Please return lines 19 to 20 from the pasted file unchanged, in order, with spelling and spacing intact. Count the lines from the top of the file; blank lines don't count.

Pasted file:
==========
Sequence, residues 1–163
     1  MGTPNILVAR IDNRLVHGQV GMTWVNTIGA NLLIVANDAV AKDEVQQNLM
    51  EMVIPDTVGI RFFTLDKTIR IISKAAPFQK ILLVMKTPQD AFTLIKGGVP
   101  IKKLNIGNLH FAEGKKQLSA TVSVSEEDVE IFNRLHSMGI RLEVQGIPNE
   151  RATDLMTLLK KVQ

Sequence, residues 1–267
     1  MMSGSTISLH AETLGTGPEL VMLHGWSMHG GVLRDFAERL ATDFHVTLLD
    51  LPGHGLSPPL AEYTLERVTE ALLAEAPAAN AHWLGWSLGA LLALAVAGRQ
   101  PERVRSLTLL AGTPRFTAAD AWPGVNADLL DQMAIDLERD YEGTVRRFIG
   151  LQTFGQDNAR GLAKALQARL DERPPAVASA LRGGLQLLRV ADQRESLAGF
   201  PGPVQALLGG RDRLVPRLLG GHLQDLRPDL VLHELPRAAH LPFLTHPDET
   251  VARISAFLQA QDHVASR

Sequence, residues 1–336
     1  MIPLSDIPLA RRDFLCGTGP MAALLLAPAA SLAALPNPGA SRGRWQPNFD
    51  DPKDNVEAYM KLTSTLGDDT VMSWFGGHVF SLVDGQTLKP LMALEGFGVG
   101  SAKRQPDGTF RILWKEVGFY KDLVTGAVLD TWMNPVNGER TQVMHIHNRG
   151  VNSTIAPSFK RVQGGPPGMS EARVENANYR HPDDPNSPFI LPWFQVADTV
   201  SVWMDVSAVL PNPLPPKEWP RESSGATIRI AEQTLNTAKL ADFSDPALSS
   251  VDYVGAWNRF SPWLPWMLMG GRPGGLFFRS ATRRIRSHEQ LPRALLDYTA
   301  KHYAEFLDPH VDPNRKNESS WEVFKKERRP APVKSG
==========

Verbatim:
   251  VDYVGAWNRF SPWLPWMLMG GRPGGLFFRS ATRRIRSHEQ LPRALLDYTA
   301  KHYAEFLDPH VDPNRKNESS WEVFKKERRP APVKSG